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The Penal Colony - Richard Herley

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Genre: Fiction / Author: Richard Herley / ISBN: 0586070869 / Publication Date: 1988 / New Edition / Publisher: Harper Collins

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    3 Reviews
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      12.01.2012 15:43
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      Following the tragic journey of an innocent man sent to a penal colony - and left to rot

      Having a Kindle (well, until very recently the Kindle iPad app) I've discovered lots of new books and authors that I wouldn't necessarily have chosen to read in paperback format, basically because you have to pay for those and obscure works are very often free from the Kindle Store. Which is why I ended up with The Penal Colony by Richard Herley, a book I didn't think I'd enjoy but actually loved from start to finish.

      In a nutshell, England has become so lawless that the government has had to set up Penal Colonies - whole (small) islands taken over by the prison service and used for murderers, rapists and terrorists. Sert is located off the coast of Cornwall and is the new home of Anthony Routledge, a man convicted of the rape and murder of a young woman he met on the train home from work - early on we hear the (large amount of) circumstantial evidence against him, we also hear that he's innocent of the crime and that he has a wife and child back on the mainland.

      The thing about Sert is that there are no guards or authoritarian figures of any type on the island. Every second Tuesday a prison helicopter arrives with (woefully inadequate) supplies for the prisoners, letters from home and usually a drugged and stretchered convict ready to start his new 'life' on Sert. This lack of authority means the men are free to do as they please; a village has sprung up, fenced off and patrolled by men with machetes to keep out other prisoners who were deemed unfit to enter the village. These 'outsiders' live in poverty on other parts of the island, they don't get their share from the helicopter drops and their years without women has created an 'epidemic' of homosexuality and male rape - in turn the AIDS and HVC viruses are running rife amongsts these outcasts, something the infinitely more civilised villagers want to keep out of their habitat.

      I really enjoyed this book, much more than I thought I would actually given the subject matter. I struggled to comprehend some aspects of the story but in the main it all seemed to make sense, at first I was horrified that such a place as Sert existed but after debating the issue with my partner we came to the conclusion that this type of colony may well have a place in our future as we run out of prison space. Routledge is a fantastic character; it's pushed into our consciousness repeatedly that this man is innocent, to find yourself with a life sentence on a small island and absolutely no chance of release must be horrific for anyone but I almost cried for this guy whose biggest crime had been giving a pretty young woman his newspaper.

      This is an extremely absorbing read, for the first time in months I found myself sitting awake at night to read 'just a few more pages'. The completely male cast of characters took a bit of getting used to, although the fact that on the island the men call one another by their surnames made it a bit easier for me to remember who was who. I felt Routledge, upon his eventual admittance into the village, slotted in just a little bit too easily for it to be entirely realistic and he also went too quickly from being a nervous panicking wreck to a confident member of Sert society. I suppose the author has shortened the fitting in experience to keep down dull everyday page numbers, but I felt something was lost from the story once Routledge lost his 'newbie' image - within five minutes of becoming a villager he'd worked out the system of hierarchy and status etiquette, it was just too speedily done.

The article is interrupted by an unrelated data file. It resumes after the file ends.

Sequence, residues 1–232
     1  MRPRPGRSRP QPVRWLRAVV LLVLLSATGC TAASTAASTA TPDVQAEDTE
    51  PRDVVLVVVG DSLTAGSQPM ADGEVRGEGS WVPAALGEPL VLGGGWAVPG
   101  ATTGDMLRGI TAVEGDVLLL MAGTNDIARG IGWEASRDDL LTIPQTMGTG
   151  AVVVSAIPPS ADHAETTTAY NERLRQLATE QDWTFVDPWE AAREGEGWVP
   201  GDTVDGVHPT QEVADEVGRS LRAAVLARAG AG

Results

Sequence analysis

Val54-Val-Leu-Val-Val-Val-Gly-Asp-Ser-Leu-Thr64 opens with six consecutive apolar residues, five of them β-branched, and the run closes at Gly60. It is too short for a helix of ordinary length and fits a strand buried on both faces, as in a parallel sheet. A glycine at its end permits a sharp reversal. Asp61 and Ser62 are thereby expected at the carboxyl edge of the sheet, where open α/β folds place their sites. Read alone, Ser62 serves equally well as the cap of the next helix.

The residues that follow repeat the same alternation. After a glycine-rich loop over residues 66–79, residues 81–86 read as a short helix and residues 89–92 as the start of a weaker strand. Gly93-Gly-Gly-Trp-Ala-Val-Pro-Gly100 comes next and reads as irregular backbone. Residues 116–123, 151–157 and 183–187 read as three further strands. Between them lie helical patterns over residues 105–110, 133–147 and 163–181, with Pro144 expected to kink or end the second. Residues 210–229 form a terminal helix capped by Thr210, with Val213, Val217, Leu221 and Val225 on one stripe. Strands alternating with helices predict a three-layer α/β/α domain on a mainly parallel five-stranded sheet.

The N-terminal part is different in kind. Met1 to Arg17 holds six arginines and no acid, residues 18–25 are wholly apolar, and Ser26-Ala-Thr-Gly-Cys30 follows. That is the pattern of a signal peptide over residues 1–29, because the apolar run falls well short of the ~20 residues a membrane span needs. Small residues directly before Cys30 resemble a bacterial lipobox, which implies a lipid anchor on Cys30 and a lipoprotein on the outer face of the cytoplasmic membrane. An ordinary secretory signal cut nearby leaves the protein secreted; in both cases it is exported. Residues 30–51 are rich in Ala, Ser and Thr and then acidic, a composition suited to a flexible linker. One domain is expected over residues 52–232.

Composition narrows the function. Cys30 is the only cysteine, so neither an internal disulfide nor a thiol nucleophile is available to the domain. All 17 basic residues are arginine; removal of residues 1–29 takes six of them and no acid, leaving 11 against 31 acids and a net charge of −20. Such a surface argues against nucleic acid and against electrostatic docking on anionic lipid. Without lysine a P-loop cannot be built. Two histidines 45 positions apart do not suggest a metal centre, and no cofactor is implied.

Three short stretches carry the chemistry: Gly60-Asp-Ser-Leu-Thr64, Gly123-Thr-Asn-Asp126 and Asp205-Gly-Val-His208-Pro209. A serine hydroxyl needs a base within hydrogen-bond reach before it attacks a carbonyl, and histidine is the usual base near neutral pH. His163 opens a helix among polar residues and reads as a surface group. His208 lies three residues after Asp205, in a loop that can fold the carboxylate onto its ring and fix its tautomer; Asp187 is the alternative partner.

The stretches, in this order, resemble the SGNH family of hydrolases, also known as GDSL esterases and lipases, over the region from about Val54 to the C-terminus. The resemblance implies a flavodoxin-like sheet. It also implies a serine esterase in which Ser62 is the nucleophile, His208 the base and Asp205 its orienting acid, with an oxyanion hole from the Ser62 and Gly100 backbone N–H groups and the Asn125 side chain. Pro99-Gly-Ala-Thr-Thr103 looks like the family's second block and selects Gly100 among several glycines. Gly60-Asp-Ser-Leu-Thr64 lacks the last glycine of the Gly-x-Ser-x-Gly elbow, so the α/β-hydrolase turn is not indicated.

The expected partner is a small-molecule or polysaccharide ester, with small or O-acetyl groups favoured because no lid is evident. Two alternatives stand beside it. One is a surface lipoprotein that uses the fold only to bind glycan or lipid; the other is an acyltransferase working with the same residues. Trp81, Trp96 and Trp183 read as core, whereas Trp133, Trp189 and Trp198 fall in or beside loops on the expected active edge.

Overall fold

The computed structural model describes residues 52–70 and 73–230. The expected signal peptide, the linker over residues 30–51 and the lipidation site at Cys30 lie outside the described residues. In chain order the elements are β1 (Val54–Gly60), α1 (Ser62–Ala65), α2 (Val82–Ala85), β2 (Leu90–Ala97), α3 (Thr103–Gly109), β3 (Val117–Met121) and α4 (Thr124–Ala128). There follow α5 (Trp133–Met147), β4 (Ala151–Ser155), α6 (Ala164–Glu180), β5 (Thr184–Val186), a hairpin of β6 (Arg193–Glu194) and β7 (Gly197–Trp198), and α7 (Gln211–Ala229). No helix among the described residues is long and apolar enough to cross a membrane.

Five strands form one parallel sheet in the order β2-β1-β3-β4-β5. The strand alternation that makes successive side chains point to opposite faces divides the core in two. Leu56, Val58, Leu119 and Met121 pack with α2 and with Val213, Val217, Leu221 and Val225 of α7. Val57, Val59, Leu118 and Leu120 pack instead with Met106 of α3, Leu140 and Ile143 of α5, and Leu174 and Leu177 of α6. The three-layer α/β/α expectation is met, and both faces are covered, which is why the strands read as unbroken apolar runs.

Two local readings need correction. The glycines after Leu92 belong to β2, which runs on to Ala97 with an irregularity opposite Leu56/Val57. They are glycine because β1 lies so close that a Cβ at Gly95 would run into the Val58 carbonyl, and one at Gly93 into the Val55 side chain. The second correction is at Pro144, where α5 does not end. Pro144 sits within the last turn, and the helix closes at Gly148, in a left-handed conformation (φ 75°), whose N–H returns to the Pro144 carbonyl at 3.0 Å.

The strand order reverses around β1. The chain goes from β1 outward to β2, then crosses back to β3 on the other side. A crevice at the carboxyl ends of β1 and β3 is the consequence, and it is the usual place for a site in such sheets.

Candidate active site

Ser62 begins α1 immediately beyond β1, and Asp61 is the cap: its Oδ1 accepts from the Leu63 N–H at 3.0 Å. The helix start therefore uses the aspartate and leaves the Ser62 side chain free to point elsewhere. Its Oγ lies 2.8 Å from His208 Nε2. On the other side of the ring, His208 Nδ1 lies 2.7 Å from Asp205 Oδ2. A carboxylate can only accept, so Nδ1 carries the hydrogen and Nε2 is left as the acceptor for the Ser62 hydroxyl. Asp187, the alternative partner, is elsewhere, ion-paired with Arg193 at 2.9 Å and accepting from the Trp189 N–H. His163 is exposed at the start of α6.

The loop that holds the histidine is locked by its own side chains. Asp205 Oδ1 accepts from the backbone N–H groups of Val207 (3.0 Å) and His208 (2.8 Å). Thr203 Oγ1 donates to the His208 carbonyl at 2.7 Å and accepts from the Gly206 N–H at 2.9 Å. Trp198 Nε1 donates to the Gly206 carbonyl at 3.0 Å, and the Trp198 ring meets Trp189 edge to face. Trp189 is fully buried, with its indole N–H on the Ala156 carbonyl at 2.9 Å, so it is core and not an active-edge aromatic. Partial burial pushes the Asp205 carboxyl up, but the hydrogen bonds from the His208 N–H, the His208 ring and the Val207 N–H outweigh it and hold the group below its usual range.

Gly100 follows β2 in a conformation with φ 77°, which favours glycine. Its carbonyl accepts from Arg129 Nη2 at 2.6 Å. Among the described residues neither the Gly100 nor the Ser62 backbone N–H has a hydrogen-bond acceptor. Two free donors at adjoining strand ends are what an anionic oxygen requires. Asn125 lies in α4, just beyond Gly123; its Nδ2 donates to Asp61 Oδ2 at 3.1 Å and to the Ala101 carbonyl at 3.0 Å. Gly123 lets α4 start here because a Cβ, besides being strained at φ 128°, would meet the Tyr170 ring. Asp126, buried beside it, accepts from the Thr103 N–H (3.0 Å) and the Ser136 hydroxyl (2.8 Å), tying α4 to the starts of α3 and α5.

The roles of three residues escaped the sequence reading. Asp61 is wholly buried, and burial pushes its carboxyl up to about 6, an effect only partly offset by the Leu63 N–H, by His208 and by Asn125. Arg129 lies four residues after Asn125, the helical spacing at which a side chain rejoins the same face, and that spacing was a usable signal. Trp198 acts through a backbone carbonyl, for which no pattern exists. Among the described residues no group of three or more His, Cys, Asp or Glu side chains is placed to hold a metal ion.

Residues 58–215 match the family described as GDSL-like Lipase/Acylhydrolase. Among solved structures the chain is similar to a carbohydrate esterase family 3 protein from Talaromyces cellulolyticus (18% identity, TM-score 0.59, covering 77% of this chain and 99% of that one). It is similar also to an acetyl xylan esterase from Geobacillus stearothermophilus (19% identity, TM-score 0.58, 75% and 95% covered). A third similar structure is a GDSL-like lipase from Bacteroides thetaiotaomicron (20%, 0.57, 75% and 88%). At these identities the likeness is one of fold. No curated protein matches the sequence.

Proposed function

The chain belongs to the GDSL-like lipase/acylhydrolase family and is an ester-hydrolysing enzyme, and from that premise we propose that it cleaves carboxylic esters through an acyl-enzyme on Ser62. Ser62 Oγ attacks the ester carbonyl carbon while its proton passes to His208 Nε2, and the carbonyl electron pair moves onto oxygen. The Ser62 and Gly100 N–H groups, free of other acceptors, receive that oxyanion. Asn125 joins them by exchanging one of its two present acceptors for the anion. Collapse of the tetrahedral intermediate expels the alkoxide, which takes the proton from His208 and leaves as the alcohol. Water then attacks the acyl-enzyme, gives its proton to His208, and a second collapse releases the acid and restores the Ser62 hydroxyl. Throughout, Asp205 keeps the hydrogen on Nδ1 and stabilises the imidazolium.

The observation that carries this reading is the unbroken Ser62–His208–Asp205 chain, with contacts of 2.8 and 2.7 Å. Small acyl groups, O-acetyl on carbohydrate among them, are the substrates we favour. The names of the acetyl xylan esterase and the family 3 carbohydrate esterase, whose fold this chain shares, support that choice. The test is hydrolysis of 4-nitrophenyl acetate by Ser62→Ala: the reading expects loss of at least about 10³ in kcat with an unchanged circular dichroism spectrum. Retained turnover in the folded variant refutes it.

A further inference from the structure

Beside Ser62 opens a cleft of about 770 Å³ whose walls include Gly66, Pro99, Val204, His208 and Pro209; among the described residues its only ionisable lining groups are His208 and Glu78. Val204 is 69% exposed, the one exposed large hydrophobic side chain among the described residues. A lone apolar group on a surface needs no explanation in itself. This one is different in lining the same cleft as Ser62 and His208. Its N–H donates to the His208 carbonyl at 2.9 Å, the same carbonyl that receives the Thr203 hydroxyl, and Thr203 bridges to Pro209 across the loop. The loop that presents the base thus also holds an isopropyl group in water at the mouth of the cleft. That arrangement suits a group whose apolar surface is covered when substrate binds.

The homosexuality aspect was more raw outside the village, this was an aspect that to me didn't make a whole lot of sense. Sert as a penal colony had been in existence for six years, yet this relatively short period of time without women was enough to 'turn' previously straight men gay - not just gay either but willing and excitable about raping other men. Six years? Men who had previously been married, men who outside of Sert would probably have detested homosexual rapists? It just made the story seem a bit farfetched and overly sensational. Obviously some of these men would have been homosexual before Sert, but these are the ones portrayed as being in semi-stable gay relationships on the island - watching the was-straight-now-gay contingent fighting over who was going to rape the 'new meat' made me feel physically sick and I feel that particular scene was added for shock purposes.

      Life in the village was well portrayed; the men all had a role to play and reading about the way they fitted into daily life was interesting and well described. I thought it was fascinating how they rigged up labour saving devices and provided themselves with home comforts that the prison service would never have sanctioned, the author went to pains to explain (in an interesting way) how each device was created which helped the story sound more real than if he'd just made the reader take his word for how the villagers ended up with electric lights and crossbows!

      Towards the end of the story Routledge becomes crucial in a plot by the villagers; again I felt he was pulled into the bosom of the family a bit too quickly but in this case I'm glad as his naivety (in relation to the longer serving prisoners) really helped to create an exciting and unsure atmosphere. I didn't find any of the other characters particularly noticeable, even though some of them are featured in-depth at certain points within the novel; the village 'Father' turned out to be far more likeable than I first thought, one of the outsiders was a well rounded religious nut bad-guy and the older triple-murderer Routledge was originally housed with is characterised exceptionally well - this man, King, in particular having a surprisingly sad backstory which softened me towards him despite the fact that one of his victims was a child.